A next step is collaborative review by leaders and teachers of the school's curriculum in relation to the intent of The New Zealand Curriculum (NZC). This should aim for closer alignment with, and to build shared understandings of, the NZC principles. During the review, it should also be useful to develop clear statements of expectations for effective teaching practice and use of assessment information, especially at Years 7 to 10.

How effectively does the school promote educational success for Māori, as Māori?

Māori student’s participate in leadership and have a positive presence in the college. There is opportunity to be involved in tikanga Māori. Contexts that reflect Māori student’s culture and language are included in aspects of the curriculum. Annual whānau meetings provide information about Māori student achievement and outline curriculum experiences linked to aspects of culture, language and celebrating identity.

It is timely for trustees, leaders and teachers to establish a clear, strategic response to further promote the cultural aspirations of Māori learners and their whānau. They should:

  • further investigate methods for gathering whānau and Māori student voice to support review and include in curriculum expectations
  • continue to work with teachers to develop shared expectations of appropriate evidence to demonstrate cultural competence
  • develop shared expectations for the use of relevant contexts that recognise Māori students culture, language and identity across curriculum subjects.

4 Sustainable Performance

How well placed is the school to sustain and improve its performance?

The college is well placed to strengthen review and evaluation practice to sustain its performance and continue to build student success.

Senior leaders recognise the benefits of reviewing strategic and annual planning. Collaborative review should ensure that all stakeholders are involved in setting priorities and contributing to ongoing development.

Trustees bring a range of valuable skills to their governance role. Elected trustees work with proprietors’ representatives to support school operation and development. They review policies and procedures on a planned cycle to meet their legislative obligations.

HOD reports about subject areas provide an overview of successes and barriers to student achievement. Senior leaders and trustees are considering the benefits of a common format for these reports. As part of proposed changes, leaders should increasingly strengthen HODs' review capability by establishing the need for departmental reports to make clear links to the school's annual achievement targets.

Initial consideration of leadership roles and expectations has occurred. To sustain current good practice and support change management, expectations for performance, that are currently often implicit, need to be made explicit. This should provide a clear basis for evaluation of effectiveness and inform strategic approaches to building effective leadership practice.

Provision for international students

The school is a signatory to the Code of Practice for the Pastoral Care of International Students (the Code) established under section 238F of the Education Act 1989. At the time of this review, there were eight international students attending the school. The school has attested that it complies with all aspects of the Code.

Policies and procedures are well documented to guide provision for international students. Students are supported to participate in sporting and cultural activities. Their progress is carefully monitored and there is strong support for their wellbeing and pastoral care. Students spoken with during the review were positive about their experiences in the college.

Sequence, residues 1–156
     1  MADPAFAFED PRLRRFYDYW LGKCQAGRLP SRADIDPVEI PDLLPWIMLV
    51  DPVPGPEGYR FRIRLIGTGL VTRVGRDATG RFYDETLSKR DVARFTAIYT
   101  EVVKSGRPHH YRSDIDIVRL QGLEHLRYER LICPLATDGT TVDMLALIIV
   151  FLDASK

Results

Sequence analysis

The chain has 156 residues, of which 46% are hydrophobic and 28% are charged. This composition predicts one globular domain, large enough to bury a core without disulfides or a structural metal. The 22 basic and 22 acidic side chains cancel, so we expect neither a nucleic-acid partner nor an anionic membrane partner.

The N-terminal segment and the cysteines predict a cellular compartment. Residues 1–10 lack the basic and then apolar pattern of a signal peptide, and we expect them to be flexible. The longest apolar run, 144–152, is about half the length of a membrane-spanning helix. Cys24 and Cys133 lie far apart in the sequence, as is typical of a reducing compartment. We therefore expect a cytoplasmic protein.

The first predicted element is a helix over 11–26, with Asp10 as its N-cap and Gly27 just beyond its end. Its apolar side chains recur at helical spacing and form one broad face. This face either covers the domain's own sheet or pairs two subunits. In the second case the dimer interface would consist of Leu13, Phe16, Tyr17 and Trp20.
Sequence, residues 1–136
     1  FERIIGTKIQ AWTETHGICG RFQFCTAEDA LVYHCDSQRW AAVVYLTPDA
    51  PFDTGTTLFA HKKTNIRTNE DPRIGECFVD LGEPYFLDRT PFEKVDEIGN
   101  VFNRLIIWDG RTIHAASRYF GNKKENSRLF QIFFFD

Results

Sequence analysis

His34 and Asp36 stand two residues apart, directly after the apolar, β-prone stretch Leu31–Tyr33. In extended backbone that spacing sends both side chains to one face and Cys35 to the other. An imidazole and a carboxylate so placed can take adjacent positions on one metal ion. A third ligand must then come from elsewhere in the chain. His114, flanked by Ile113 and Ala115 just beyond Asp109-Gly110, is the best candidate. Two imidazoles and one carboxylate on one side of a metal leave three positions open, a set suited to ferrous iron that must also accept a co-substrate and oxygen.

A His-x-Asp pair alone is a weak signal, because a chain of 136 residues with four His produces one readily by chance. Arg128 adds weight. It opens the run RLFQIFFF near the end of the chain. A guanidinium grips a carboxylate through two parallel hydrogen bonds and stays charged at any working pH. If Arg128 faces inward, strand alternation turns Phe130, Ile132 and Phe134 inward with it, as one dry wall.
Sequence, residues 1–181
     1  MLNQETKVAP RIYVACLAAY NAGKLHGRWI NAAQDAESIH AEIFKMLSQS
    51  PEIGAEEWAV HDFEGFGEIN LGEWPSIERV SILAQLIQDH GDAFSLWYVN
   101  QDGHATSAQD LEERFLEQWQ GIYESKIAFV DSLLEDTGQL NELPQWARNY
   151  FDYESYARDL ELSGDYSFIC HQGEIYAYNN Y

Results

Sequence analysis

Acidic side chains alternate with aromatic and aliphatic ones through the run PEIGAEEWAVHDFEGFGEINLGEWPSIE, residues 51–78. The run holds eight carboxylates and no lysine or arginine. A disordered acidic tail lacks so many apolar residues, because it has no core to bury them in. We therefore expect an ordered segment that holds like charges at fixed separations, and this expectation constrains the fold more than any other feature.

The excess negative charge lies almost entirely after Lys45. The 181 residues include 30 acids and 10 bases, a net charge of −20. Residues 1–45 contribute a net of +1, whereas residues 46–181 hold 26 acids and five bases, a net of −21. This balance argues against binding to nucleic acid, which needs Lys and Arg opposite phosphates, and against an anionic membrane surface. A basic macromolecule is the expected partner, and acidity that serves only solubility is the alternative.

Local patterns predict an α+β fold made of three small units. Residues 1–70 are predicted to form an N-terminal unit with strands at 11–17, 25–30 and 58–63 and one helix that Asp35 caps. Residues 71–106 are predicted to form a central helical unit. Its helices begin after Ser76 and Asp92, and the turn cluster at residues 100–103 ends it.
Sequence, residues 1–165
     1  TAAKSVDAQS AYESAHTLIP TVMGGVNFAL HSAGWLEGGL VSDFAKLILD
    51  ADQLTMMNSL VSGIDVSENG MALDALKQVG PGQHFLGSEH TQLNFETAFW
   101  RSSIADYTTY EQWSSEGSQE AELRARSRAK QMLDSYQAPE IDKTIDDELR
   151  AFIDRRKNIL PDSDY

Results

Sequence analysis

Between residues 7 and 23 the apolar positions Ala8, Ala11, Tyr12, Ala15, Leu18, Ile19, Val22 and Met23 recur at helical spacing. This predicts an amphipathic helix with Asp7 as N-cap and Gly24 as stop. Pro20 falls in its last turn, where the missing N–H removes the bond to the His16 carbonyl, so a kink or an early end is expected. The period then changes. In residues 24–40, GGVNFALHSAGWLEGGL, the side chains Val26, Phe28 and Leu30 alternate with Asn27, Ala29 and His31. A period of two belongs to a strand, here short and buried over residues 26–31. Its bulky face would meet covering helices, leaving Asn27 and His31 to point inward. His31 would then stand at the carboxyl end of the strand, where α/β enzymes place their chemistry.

Provision for students in the school hostel

The school hostel, La Salle House, accommodates 125 students, 15% of the school roll. It is owned by the Trust Board of the Brothers of the Christian Schools in New Zealand. The hostel owner has attested that all requirements of the Hostel Regulations are met.

Boarding is from Monday to Friday. Each Year group is accommodated separately. Students, their parents and whānau receive clear, useful information about how the hostel operates and what is expected of them. Suitable, stable staffing ensures that students’ wellbeing and learning are well supported.

Boarders enjoy good facilities that are being appropriately refurbished over time. The hostel environment closely reflects the school’s special character with its emphasis on helping students to develop self-management skills. Living on the school campus contributes to boarders’ sense of belonging.

Board assurance on legal requirements

Before the review, the board of trustees and principal of the school completed the ERO Board Assurance Statement and Self-Audit Checklists. In these documents they attested that they had taken all reasonable steps to meet their legislative obligations related to:

  • board administration
  • curriculum
  • management of health, safety and welfare
  • personnel management
  • financial management
  • asset management.

During the review, ERO checked the following items because they have a potentially high impact on student achievement:

  • emotional safety of students (including prevention of bullying and sexual harassment)
  • physical safety of students
  • teacher registration
  • processes for appointing staff
  • stand-downs, suspensions, expulsions and exclusions
  • attendance.

Conclusion

The Catholic special character is central to college life. Students experience a wide range of educational pathways to suit their interests and aspirations. Overall, students achieve well. Provision for wellbeing is responsive to individual student needs. Leaders and teachers continue to develop evaluation to further strengthen curriculum expectations and outcomes for students.

ERO is likely to carry out the next review in three years.

Joyce Gebbie
Deputy Chief Review Officer Central

About the School

Location

New Plymouth

Ministry of Education profile number

175

School type

State Integrated Secondary (Years 7 to 13)

School roll

792

Number of international students

8

Gender composition

Male 100%

Ethnic composition

Māori
Pākehā
Pacific
Asian
Other ethnic groups

14%
77%
  2%
  6%
  1%

Special features

Catholic special character
Boarding hostel

Review team on site

July 2015

Date of this report

10 September 2015

Most recent ERO report(s)

Education Review
Education Review
Education Review

September 2012
August 2009
July 2005